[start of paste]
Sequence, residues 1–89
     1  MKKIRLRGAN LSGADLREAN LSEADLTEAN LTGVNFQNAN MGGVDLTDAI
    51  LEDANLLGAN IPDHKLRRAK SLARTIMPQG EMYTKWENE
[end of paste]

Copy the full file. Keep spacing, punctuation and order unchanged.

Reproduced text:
Sequence, residues 1–89
     1  MKKIRLRGAN LSGADLREAN LSEADLTEAN LTGVNFQNAN MGGVDLTDAI
    51  LEDANLLGAN IPDHKLRRAK SLARTIMPQG EMYTKWENE